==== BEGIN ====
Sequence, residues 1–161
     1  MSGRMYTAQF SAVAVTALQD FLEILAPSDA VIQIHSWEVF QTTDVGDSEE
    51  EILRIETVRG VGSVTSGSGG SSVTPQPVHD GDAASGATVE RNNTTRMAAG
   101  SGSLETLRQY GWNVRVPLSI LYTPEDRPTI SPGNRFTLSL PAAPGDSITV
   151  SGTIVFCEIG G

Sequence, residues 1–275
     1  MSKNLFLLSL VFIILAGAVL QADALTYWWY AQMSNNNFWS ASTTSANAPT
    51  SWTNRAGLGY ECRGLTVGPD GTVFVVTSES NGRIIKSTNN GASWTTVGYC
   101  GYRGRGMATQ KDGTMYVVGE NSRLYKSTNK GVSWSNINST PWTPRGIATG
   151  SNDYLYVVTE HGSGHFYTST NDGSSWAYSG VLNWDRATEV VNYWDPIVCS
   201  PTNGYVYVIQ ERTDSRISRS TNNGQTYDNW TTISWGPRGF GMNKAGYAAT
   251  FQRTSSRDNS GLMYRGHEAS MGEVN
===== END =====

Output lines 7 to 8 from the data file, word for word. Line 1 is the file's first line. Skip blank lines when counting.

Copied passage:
     1  MSKNLFLLSL VFIILAGAVL QADALTYWWY AQMSNNNFWS ASTTSANAPT
    51  SWTNRAGLGY ECRGLTVGPD GTVFVVTSES NGRIIKSTNN GASWTTVGYC